Docker is a combo of ‘platform as a service’ products and services which use OS virtualisation to provide software in packages called containers.

Containers contain everything an app, tool or service needs to run, including all libraries, dependencies, and configuration files. Containers are also isolated from each other (and the underlying host system), but can communicate through pre-defined channels.

This introduction to Docker video will give you a quick top-level overview of the tech and how it works:

Because Docker is open source software it’s not only free to use, but free to adapt, extend, hack, or build on. In this guide I cover installing Docker on Ubuntu 20.04 LTS (Focal Fossa), but the same steps may also work on older versions of Ubuntu, including Ubuntu 18.04 LTS.

In this post you will learn how to install Docker from the regular Ubuntu repository, how to enable Docker to start automatically at system boot, and how to install Docker images and run them locally.

But this isn’t a deep dive. This tutorial is intentionally short and to the point. This is so you spend less time reading and more time doing.

Install Docker from Ubuntu Repository

There are two hard requirements to install Docker on Ubuntu 20.04:

  • You need to have sudo access
  • You need to be connected to the internet

If you’re managing or setting up an Ubuntu server then you (probably) meet both of these requirements already, but do check before you begin.

Step 1: Install Docker from the main Ubuntu repository. Do this using the apt command and the docker.io package name (note: the package name is not simply ‘docker’):

sudo apt install docker.io

Ubuntu will download the latest version of Docker from its archives, unpack it, and install it on your system.

Step 2: Make Docker start automatically on system boot:

sudo systemctl enable --now docker

Step 3: Test it.

Now that Docker is installed and running you should verify that everything is working okay. This can be done using the hello-world app. From the command line run:

sudo docker run hello-world

When you run this command you’ll see a lengthy message informing you that the ‘installation appears to be working correctly’.

But look closely at the message:

Check Docker is working

You’ll notice something interesting near the start: Docker was ‘unable to find’ the a ‘hello-world’ image. But instead of quitting it searched for and downloaded it from Docker Hub.

Which leads us neatly on to…

Step 4: Find and install Docker images.

Now you’re set-up the world (or rather the Docker ecosystem) is your oyster, and Docker Hub your port of call. Docker Hub is billed as ‘the world’s largest library and community for container images’. Any image available on Docker Hub can be installed on your system too.

Let’s look at how to do that.

To search for an image on Docker Hub run the docker command with the search subcommand, like so:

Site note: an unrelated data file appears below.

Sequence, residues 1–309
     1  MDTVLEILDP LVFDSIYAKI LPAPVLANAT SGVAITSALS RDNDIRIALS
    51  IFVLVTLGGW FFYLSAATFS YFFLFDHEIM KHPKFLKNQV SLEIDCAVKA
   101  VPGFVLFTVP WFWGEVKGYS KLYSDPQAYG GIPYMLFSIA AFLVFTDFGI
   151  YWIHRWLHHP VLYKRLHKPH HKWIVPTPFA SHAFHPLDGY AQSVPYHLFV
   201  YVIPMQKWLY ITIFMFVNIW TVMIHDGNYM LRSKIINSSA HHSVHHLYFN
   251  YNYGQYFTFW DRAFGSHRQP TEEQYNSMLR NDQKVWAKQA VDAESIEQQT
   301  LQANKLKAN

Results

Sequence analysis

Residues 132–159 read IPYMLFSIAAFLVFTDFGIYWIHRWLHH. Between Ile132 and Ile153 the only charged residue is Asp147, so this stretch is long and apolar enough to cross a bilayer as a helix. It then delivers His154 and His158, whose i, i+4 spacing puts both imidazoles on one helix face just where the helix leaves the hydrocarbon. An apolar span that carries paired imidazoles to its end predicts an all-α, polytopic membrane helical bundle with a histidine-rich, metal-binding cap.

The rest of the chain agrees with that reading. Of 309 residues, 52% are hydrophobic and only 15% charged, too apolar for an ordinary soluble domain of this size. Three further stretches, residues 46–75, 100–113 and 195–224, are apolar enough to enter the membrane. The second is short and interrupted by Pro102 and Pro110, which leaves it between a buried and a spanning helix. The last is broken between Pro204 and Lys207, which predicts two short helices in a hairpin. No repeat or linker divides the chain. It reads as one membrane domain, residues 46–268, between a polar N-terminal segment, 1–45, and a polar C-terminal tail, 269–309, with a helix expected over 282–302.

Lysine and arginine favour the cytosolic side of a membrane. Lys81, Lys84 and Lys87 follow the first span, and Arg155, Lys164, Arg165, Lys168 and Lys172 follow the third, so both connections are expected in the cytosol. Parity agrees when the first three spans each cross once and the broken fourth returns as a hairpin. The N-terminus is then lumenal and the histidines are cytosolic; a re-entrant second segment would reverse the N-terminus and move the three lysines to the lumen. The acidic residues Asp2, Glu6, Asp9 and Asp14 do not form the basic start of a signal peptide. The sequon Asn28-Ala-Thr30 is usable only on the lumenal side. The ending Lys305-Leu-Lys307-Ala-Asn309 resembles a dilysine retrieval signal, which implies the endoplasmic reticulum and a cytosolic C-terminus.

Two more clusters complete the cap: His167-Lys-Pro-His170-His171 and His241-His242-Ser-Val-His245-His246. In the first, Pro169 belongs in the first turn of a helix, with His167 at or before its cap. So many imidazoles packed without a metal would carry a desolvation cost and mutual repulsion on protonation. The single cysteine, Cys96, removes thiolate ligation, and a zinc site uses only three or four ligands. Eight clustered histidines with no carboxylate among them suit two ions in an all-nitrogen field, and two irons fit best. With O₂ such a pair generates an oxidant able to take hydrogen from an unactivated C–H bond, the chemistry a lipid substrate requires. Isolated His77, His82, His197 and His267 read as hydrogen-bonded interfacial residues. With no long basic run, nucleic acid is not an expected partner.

sudo docker search term-goes-here

For example, I want to search for Alpine Linux on Docker Hub so I run docker search alpine. A list of matching images (which match the term alpine) will appear. I want the official Alpine image so I look in the OFFICIAL column for the word OK

Install Docker: Docker Hub official images
Use official images to start with

When you find the image you want to use you can download it using the pull subcommand, For example, to install Alpine Linux I run sudo docker pull alpine.

To run a downloaded image you need to add the run subcommand and the name of the image, e.g., sudo docker run alpine.

If you want to run an image as a container and get instant ‘interactive terminal’ shell access add the -it flag. For example: I run sudo docker run -it alpine and it drops me straight into the Alpine container, ready to work:

Install Docker: Inside container
Inside an Alpine container via Docker

To exit the ‘interactive terminal’ type the word exit and hit enter.

Check out the Docker Docs page for a wealth more info on how to use, admin, manage, and maintain your containers.

A couple of useful commands to know include docker ps -a to list all images you’ve used (and see their container ID/name); docker stop {container id} to close an image down; and when you’re done with a container remove it using the docker rm command, again adding the the container ID/name at the end.

Going Further

In this guide we looked at installing Docker on Ubuntu 20.04 and getting official images installed. But this is only the beginning of what possible with Docker.

One possible avenue to explore is installing Docker rootless. This is an experimental feature and not (yet) easy to enable. But the effort required to set it up is worth it if you’re concerned about security and stability.

If there are topics you want to see a similar to-the-point tutorial on (be it Docker related or otherwise) do drop a note down in the comments or via my usual e-mail.

How To docker server ubuntu basics